Opioids are in the national spotlight right, as millions of people report using them and often abusing them, and thousands of Americans die each year from opioid overdoses. The following are some key facts about opioids:

  • In 2017, there were over 70,000 overdose deaths in the United States
  • Some of the areas where there were the most overdose deaths included East Coast states like Maryland, Florida, Pennsylvania and Maine
  • Opioids are prescribed for pain, both acute and chronic, but heroin is also an opioid
  • Opioids usually come in pill form but they can be crushed into powder and snorted
  • Opioids can lead to a euphoric high, and also addiction and dependence
  • A large number of overdose deaths are primarily related to opioids including OxyContin and heroin

Because of its prevalence as a prescription opioid, many people recognize the brand name OxyContin. So, what is OxyContin and is it an opiate or an opioid?

What is an Opiate vs. Opioid? Is OxyContin an Opiate?

The term opiate technically refers to naturally-derived substances that come from opium. Some true opiates are morphine and codeine, but the terms opiate and opioid are often used interchangeably. Opioids can be synthetic or semi-synthetic, but they function like opiates. All opiates are opioids, but not all opioids are opiates.

OxyContin is an opioid because it is semi-synthetic. Synthetic and semi-synthetic opioids are derived from natural opiates, but also are partially synthesized.

There isn’t much of a difference between opiates and opioids, and there’s rarely a distinction made at this point in the opioid crisis. These substances — whether they’re derived from opium, semi-synthetic or synthetic — have similar side effects to one another, and similar overall effects. The only difference is that the opiate heroin is illegal while the other opioids are available only by prescription and are Schedule II substances in the United States.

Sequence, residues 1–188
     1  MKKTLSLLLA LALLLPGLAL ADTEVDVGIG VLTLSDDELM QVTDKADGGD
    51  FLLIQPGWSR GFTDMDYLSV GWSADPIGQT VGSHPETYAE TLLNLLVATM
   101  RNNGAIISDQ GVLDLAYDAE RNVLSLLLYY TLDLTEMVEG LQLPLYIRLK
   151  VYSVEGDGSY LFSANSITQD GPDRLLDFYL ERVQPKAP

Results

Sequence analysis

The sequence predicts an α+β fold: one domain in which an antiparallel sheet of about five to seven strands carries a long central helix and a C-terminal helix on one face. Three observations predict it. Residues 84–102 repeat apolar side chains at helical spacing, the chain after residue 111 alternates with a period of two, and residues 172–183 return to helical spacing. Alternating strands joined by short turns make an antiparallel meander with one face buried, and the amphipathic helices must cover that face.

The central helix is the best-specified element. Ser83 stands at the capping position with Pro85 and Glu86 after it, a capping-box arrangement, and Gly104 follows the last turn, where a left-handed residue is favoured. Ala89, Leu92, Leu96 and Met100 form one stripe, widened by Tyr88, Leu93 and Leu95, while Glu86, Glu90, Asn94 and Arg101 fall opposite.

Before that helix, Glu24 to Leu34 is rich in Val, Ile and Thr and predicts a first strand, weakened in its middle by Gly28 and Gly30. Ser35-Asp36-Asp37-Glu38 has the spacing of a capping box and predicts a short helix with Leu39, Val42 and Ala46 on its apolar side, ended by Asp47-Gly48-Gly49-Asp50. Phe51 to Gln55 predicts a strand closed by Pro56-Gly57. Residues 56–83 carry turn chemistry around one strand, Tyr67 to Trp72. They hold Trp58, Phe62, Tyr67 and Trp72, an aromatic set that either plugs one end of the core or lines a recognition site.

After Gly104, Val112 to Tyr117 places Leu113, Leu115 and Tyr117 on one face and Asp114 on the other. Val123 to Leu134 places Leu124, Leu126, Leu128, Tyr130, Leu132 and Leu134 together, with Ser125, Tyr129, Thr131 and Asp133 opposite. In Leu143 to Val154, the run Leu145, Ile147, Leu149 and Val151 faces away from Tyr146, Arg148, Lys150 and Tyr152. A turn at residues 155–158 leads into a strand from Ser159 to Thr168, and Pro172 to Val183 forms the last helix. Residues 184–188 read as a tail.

Another term frequently used when describing opiates and opioids are narcotics. Opioids are classified as narcotics.

OxyContin is the brand name of the opioid oxycodone. This semi-synthetic opioid is intended to treat moderate to severe pain, and OxyContin is actually a controlled-release version of the drug. Oxycodone is also available in combination drugs, such as Percocet.

OxyContin is one of the most abused prescription opioids because people can crush it and dissolve it to inject or snort it. The result is a rapid, powerful high because the entire extended-release medicine affects the person at one time.

Opioid Abuse

There are quite a few risks associated with the use of opioids like OxyContin. Some of the risks are side effects such as nausea and drowsiness, but one of the biggest is the risk of abuse and addiction. From heroin to prescription opioids, these substances pose a high risk of causing addiction.

Of course, some people can take opioids like OxyContin safely and as prescribed by their doctor and then stop using them when they’re instructed to. At the same time, other people find that they enjoy the physical and emotional effects of taking the drug and they develop an addiction. Once addicted, people feel physically dependent on the presence of the drug to feel “normal.”

It’s important for people to realize that with any opioid or opiate, including OxyContin, there is always the potential for abuse and addiction. They should never be taken without a prescription or taken outside of as directed by a medical professional.

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Editor – Thomas Christiansen
With over a decade of content experience, Tom produces and edits research articles, news and blog posts produced for Advanced Recovery Systems. Read more
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Medically Reviewed By – Dr. Conor Sheehy, PharmD, BCPS, CACP
Dr. Sheehy completed his BS in Molecular Biology at the University of Idaho and went on to complete his Doctor of Pharmacy (PharmD) at the University of Washington in Seattle. Read more
Medical Disclaimer

The Recovery Village aims to improve the quality of life for people struggling with substance use or mental health disorder with fact-based content about the nature of behavioral health conditions, treatment options and their related outcomes. We publish material that is researched, cited, edited and reviewed by licensed medical professionals. The information we provide is not intended to be a substitute for professional medical advice, diagnosis or treatment. It should not be used in place of the advice of your physician or other qualified healthcare providers.